Jeffrey Johnson is a legal writer with a focus on personal injury. He has worked on personal injury and sovereign immunity litigation in addition to experience in family, estate, and criminal law. He earned a J.D. from the University of Baltimore and has worked in legal offices and non-profits in Maryland, Texas, and North Carolina. He has also earned an MFA in screenwriting from Chapman Univer...

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UPDATED: Sep 18, 2013

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Common forms of property ownership include the following:

Joint Tenancy: Property is owned by two or more persons at the same time in equal shares. Unity of time, title, interest, and possession is vested in each joint tenant (four unities). Each joint tenant has an undivided right to possess the whole property and a proportionate right of equal ownership interest. When one joint tenant dies, his/her interest automatically vests in the surviving joint tenant(s) by operation of law. Words in the deed such as “John and Mary, as joint tenants with right of survivorship and not as tenants in common”, establishes title in joint tenancy. Some states do not allow this form of property ownership.

Tenancy in the Entirety: Some states have a special form of joint tenancy when the joint tenants are husband and wife, with each owning a one-half interest. Neither spouse can sell the property without the consent of the other. Words in the deed such as “John and Mary, husband and wife as tenancy in the entirety”, establishes title in tenancy by the entireties.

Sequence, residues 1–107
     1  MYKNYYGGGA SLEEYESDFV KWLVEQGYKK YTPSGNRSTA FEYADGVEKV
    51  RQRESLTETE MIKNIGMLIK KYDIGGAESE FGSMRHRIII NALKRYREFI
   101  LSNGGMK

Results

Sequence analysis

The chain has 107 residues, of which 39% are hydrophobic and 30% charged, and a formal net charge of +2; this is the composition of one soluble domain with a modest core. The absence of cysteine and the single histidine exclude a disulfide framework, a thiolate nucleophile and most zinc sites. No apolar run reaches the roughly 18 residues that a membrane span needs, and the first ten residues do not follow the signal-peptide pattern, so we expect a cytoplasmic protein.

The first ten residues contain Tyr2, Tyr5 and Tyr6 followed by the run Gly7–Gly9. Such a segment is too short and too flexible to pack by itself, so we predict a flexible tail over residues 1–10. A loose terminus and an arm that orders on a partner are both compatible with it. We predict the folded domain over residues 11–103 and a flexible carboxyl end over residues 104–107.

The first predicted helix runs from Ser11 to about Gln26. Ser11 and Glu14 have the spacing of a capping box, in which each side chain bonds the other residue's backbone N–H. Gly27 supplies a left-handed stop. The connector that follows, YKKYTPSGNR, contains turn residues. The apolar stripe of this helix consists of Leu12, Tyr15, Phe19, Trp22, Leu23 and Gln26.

Sole Ownership: Property is owned entirely by one person. Words in the deed such as “John, a single man”, establishes title as sole ownership.

Tenants in Common: Property is owned by two or more persons at the same time. The proportionate interests and right to possess and enjoy the property between the tenants in common need not be equal. Upon death, the decedent’ s interest passes to his/her heirs named in the will, who then become new tenants in common with the surviving tenants in common. None of the tenants in common automatically receives the share of the decedent. There is no right of survivorship as with joint tenants. The words in the deed such as “Peter, Paul, John and Mary as tenants in common”, establishes tenancy in common.

Community Property: In states that recognize community property, a special form of joint tenancy exists between husband and wife, with each owning a one-half interest. Upon death, the decedent’s interest passes in a manner similar to tenants in common. Words in the deed such as “John and Mary, husband and wife as community property”, establishes community property ownership.

The above ways for owning real property are all present interests and rights of the owner. Future interests can also exist, which come into effect in the future. Typically, future interests are based upon the occurrence of a contingency, such as someone dies and the decedent’s interest in the property passes in accordance with his/her last will or trust.